dress. I begin to panic as the smoke thickens.
Charred bits of black silk swirl into the air, and pearls
clatter to the stage. Somehow I’m afraid to stop
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because my flesh doesn’t seem to be burning and I
know Cinna must be behind whatever is happening.
So I keep spinning and spinning. For a split second
I’m gasping, completely engulfed in the strange
flames. Then all at once, the fire is gone. I slowly
come to a stop, wondering if I’m naked and why
Cinna has arranged to burn away my wedding dress.

But I’m not naked. I’m in a dress of the exact design
of my wedding dress, only it’s the color of coal and
made of tiny feathers. Wonderingly, I lift my long,
flowing sleeves into the air, and that’s when I see
myself on the television screen. Clothed in black
except for the white patches on my sleeves. Or should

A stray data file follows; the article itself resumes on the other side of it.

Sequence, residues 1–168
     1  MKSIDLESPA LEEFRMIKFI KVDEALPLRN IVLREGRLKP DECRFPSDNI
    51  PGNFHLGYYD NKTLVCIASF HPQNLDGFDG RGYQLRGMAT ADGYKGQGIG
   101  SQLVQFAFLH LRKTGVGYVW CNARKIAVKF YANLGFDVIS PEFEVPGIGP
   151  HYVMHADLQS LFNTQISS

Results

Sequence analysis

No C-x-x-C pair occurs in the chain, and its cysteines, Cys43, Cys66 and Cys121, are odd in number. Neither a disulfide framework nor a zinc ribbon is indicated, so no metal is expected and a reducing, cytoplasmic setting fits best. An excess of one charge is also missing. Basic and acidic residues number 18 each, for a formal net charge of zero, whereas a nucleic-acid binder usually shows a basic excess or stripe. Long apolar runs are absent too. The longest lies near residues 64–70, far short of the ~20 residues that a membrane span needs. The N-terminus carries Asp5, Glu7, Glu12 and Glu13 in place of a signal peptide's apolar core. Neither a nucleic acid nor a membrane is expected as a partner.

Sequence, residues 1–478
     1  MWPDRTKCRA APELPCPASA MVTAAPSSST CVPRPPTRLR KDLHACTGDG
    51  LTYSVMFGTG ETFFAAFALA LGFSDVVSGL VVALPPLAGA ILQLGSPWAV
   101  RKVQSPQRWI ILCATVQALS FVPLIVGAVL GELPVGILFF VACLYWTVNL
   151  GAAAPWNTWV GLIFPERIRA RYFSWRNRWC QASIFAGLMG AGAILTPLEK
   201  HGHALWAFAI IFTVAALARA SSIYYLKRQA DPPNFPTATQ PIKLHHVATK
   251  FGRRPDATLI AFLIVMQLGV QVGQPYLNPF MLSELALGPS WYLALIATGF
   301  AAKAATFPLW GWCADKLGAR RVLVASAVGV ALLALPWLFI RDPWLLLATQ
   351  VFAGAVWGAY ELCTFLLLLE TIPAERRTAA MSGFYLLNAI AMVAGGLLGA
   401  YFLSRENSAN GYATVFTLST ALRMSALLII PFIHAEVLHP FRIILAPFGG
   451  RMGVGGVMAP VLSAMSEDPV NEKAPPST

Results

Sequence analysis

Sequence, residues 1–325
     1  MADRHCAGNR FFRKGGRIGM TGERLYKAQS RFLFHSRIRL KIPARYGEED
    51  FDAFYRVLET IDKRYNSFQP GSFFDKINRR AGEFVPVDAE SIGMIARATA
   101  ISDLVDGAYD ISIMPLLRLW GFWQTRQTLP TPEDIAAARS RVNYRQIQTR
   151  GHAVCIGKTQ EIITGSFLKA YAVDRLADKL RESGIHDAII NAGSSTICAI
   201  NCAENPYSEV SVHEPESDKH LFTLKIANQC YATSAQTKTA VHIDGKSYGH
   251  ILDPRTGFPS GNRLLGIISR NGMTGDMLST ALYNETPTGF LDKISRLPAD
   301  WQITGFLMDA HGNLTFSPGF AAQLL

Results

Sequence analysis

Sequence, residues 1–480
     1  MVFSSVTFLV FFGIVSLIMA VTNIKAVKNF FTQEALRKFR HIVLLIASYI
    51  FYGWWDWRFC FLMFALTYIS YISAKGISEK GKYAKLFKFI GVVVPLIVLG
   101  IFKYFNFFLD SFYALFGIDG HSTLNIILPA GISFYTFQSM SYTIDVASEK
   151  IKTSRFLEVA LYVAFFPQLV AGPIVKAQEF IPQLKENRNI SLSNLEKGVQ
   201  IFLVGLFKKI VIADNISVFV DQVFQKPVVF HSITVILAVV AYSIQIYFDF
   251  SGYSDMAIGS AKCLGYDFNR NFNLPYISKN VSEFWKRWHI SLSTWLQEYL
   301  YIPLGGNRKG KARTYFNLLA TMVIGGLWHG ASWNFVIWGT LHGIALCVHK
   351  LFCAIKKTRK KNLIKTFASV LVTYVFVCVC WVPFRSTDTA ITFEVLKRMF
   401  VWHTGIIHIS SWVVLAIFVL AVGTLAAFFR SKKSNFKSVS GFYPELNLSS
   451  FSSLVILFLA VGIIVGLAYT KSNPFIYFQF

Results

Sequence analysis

I say my wings.

Because Cinna has turned me into a mockingjay.




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I’m still smoldering a little, so it’s with a tentative
hand that Caesar reaches out to touch my headpiece.
The white has burned away, leaving a smooth, fitted
veil of black that drapes into the neckline of the dress
in the back. “Feathers,” says Caesar. “You’re like a
bird.”

“A mockingjay, I think,” I say, giving my wings a small
flap. “It’s the bird on the pin I wear as a token.”

A shadow of recognition flickers across Caesar’s face,
and I can tell he knows that the mockingjay isn’t just
my token. That it’s come to symbolize so much more.
That what will be seen as a flashy costume change in
the Capitol is resonating in an entirely different way
throughout the districts. But he makes the best of it.

“Well, hats off to your stylist. I don’t think anyone can
argue that that’s not the most spectacular thing we’ve
ever seen in an interview. Cinna, I think you better
take a bow!” Caesar gestures for Cinna to rise. He